In textile manufacturing, finishing refers to the processes that convert the woven or knitted cloth into a usable material and more specifically to any process performed after dyeing the yarn or fabric to improve the look, performance, or "hand" (feel) of the finished textile or clothing. The precise meaning depends on context.
Some finishing techniques such as bleaching and dyeing are applied to yarn before it is woven while others are applied to the grey cloth directly after it is woven or knitted. Some finishing techniques, such as fulling, have been in use with hand-weaving for centuries; others, such as mercerisation, are byproducts of the Industrial Revolution.
Other related articles:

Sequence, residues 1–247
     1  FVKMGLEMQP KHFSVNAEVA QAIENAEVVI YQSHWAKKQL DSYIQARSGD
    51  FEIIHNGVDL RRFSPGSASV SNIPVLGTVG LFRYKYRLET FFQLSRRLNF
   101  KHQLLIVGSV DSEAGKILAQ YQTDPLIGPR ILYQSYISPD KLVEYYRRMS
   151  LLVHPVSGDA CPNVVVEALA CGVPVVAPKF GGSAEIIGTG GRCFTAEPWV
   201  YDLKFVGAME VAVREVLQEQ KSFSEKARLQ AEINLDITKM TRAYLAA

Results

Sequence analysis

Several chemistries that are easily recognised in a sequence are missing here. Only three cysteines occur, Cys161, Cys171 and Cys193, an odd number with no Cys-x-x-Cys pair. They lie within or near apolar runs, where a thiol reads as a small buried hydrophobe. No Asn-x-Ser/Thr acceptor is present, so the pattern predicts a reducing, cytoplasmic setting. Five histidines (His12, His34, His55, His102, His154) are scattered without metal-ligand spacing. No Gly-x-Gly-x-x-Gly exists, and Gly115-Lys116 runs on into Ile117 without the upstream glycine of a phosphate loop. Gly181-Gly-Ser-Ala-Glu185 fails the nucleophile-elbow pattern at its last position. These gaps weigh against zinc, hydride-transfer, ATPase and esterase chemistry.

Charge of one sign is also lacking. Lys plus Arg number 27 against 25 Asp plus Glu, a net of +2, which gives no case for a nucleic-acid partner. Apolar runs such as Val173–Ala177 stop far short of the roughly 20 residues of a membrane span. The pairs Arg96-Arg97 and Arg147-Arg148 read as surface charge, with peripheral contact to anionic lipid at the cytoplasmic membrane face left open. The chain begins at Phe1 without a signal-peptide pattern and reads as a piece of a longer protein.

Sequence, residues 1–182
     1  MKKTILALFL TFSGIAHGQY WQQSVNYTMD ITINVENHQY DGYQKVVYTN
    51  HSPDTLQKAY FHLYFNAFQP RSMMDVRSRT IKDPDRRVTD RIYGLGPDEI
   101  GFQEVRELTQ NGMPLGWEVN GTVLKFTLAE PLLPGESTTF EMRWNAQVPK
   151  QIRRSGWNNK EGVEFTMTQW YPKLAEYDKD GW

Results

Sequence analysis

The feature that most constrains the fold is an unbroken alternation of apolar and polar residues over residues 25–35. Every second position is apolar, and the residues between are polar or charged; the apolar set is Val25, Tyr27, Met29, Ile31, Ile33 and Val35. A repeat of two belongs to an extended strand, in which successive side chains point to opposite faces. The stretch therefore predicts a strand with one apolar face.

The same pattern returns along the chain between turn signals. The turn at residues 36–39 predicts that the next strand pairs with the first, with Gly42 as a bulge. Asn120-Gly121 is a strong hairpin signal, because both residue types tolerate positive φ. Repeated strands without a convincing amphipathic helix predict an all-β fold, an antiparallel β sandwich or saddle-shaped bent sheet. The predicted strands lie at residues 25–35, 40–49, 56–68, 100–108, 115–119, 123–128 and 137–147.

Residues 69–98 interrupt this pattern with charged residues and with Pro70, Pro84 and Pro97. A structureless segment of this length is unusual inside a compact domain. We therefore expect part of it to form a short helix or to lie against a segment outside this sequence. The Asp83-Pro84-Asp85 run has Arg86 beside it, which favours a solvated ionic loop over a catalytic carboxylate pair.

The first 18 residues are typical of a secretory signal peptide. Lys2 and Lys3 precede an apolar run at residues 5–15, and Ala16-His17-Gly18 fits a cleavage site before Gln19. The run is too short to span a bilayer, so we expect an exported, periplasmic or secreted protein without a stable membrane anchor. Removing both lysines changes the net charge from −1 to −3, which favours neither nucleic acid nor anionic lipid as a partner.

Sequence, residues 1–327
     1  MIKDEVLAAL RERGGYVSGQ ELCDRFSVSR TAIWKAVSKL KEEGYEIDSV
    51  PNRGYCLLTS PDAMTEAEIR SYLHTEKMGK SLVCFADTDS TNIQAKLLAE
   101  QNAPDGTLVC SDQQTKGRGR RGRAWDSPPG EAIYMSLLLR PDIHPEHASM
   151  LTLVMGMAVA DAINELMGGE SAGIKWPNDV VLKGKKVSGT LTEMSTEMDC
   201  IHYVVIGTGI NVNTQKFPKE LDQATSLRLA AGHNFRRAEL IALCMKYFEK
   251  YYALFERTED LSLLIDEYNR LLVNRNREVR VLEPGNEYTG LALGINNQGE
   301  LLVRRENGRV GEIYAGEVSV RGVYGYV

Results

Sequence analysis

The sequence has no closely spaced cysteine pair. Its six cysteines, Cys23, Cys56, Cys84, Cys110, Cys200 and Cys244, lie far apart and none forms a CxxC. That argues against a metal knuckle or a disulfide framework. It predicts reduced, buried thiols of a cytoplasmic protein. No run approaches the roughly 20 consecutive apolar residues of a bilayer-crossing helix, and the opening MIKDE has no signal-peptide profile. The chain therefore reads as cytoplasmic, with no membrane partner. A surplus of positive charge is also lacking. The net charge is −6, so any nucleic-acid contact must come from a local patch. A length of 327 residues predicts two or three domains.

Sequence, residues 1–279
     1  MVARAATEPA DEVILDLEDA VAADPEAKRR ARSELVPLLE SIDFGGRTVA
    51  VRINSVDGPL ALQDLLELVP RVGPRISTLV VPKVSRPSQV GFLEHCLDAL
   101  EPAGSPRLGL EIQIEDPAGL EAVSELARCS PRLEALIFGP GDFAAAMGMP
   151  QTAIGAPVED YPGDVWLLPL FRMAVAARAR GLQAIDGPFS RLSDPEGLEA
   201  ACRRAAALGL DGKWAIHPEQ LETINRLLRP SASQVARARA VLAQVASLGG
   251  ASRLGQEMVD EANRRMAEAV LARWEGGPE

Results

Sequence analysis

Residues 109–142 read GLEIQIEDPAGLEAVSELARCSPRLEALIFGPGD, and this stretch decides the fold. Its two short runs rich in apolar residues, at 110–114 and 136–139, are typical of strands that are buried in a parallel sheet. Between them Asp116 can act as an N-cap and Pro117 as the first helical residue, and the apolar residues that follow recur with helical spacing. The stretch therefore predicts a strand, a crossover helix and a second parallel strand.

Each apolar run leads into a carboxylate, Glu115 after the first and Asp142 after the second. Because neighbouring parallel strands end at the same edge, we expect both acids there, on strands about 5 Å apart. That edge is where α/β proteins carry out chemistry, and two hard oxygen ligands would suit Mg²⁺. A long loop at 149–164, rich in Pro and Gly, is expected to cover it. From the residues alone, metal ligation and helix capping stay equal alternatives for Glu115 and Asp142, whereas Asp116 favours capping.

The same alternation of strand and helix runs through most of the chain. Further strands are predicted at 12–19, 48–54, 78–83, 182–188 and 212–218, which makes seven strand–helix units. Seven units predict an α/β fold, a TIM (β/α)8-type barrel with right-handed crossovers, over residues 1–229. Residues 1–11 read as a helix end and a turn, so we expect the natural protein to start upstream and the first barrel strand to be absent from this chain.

... Heat-setting of synthetic fabrics eliminates the internal tensions within the fiber, generated during manufacturing, and the new state can be fixed by rapid cooling ... This heat setting fixes the fabrics in the relaxed state, and thus avoids subsequent shrinkage or creasing of the fabric ...
Famous quotes containing the word finishing:
“Minerva House ... was a finishing establishment for young ladies, where some twenty girls of the ages from thirteen to nineteen inclusive, acquired a smattering of everything and a knowledge of nothing.”
—Charles Dickens (18121870)